Fancy having a wedding steeped in history? Here are 5 Melbourne venues to check out
Como House & Garden
Built in 1847, glamorous Como House combines ‘Australian regency’ with classic Italianate architecture. Aside from being the background of many of our photo shoots and magazine covers, This venue is available for both ceremonies and receptions (whether they be cocktail or dinner).
Opening at the close of the 20s, the Forum Theatre has a special place in Melbourne’s heart. It may be peeling on the outside, but the inside has somehow maintained its grandeur. This one is more suitable for cocktail weddings but can accommodate from 100 people to 1200.
Home to two families over a hundred years, Ripponlea was only passed onto the National Trust in 1972. Since then, the public has been able to enjoy this urban mansion and pristine gardens. Whether it’s for your ceremony or reception (or both), Ripponlea offers a remarkable backdrop and can host intimate or large groups.
So it may not be heritage listed but if you’re after a historical venue, then what better to start with than a castle? Overnewton Castle was built in 1849 and started off simple – just a single story bluestone colonial-style homestead. Next thing you know, it has 35 rooms, including 7 bedrooms, a library, a billiards room and 2 kitchens. If you pick this spot, your wedding package includes exclusive use of the venue and gardens (meaning quite a few stunning photography locations)and a professional wedding co-ordinator, amongst other things.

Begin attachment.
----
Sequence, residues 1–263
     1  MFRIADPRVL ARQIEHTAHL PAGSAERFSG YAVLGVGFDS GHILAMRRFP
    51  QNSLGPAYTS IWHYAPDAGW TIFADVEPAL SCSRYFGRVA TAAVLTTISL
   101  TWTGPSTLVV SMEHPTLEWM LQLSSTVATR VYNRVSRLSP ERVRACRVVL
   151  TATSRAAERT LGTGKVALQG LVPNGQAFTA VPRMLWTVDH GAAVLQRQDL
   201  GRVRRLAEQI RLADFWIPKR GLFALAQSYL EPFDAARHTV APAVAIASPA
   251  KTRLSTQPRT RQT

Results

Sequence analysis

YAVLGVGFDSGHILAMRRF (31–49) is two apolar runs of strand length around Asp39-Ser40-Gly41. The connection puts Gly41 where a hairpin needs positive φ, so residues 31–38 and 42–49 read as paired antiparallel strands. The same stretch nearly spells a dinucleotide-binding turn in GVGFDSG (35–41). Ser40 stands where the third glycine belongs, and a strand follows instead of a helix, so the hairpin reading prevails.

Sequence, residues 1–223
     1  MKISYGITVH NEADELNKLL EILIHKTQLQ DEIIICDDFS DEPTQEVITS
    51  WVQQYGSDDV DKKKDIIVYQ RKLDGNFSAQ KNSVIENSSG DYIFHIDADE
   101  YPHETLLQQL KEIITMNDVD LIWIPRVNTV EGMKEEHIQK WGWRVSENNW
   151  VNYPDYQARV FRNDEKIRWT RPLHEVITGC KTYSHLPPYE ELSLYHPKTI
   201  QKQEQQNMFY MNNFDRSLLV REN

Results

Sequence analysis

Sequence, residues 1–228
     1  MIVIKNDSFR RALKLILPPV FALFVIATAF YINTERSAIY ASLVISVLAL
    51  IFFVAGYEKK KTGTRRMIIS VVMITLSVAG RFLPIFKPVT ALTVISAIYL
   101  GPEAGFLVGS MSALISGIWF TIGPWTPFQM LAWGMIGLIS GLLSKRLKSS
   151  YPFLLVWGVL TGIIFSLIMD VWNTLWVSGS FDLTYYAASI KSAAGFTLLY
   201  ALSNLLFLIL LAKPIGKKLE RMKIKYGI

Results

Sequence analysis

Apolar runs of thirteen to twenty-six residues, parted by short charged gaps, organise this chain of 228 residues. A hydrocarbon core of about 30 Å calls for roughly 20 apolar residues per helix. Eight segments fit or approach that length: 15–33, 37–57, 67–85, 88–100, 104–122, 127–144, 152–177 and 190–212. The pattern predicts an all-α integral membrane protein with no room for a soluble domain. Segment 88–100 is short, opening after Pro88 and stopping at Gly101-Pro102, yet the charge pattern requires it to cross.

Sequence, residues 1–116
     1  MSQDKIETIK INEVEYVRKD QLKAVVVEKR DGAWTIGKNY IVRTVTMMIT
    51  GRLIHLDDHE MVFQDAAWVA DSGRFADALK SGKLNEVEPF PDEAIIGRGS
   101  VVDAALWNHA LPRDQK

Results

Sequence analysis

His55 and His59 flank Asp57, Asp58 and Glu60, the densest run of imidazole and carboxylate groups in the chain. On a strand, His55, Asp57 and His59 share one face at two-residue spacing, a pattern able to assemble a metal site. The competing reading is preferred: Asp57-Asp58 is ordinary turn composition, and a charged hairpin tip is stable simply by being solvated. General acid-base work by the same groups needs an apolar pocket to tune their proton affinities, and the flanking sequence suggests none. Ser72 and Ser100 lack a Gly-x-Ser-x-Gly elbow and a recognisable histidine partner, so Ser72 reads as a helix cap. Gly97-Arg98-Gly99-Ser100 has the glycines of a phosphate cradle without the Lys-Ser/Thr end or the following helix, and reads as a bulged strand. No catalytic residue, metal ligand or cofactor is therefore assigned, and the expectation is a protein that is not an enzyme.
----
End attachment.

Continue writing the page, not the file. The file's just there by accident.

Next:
Also not heritage listed is Montsalvat, Australia’s oldest artists’ colony. The original owner, Justus Jörgensen, was actually the architect and first live-in artist. He took inspiration from Italy, Spain, France and England to build Montsalvat. Aside from an epic Great Hall and an outdoor pool to take gorgeous photographs, there’s the intimate and romantic bluestone chapel to get married in.
Other articles you might like